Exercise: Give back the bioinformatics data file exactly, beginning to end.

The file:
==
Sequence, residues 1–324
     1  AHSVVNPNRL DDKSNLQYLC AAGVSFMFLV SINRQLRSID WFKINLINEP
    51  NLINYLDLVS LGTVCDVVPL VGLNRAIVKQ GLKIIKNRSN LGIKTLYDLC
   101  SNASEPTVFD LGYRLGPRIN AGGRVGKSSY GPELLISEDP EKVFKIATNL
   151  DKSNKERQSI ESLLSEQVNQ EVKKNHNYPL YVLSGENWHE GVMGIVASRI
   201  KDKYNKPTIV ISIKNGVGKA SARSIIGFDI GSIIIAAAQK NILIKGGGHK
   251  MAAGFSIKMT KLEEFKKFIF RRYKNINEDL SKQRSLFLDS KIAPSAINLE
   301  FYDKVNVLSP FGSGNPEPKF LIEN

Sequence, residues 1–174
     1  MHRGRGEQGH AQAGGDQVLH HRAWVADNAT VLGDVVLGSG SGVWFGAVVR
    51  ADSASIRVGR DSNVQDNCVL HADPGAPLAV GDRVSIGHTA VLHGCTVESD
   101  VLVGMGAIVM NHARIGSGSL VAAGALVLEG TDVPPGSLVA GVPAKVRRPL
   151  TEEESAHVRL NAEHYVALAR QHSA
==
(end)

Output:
Sequence, residues 1–324
     1  AHSVVNPNRL DDKSNLQYLC AAGVSFMFLV SINRQLRSID WFKINLINEP
    51  NLINYLDLVS LGTVCDVVPL VGLNRAIVKQ GLKIIKNRSN LGIKTLYDLC
   101  SNASEPTVFD LGYRLGPRIN AGGRVGKSSY GPELLISEDP EKVFKIATNL
   151  DKSNKERQSI ESLLSEQVNQ EVKKNHNYPL YVLSGENWHE GVMGIVASRI
   201  KDKYNKPTIV ISIKNGVGKA SARSIIGFDI GSIIIAAAQK NILIKGGGHK
   251  MAAGFSIKMT KLEEFKKFIF RRYKNINEDL SKQRSLFLDS KIAPSAINLE
   301  FYDKVNVLSP FGSGNPEPKF LIEN

Sequence, residues 1–174
     1  MHRGRGEQGH AQAGGDQVLH HRAWVADNAT VLGDVVLGSG SGVWFGAVVR
    51  ADSASIRVGR DSNVQDNCVL HADPGAPLAV GDRVSIGHTA VLHGCTVESD
   101  VLVGMGAIVM NHARIGSGSL VAAGALVLEG TDVPPGSLVA GVPAKVRRPL
   151  TEEESAHVRL NAEHYVALAR QHSA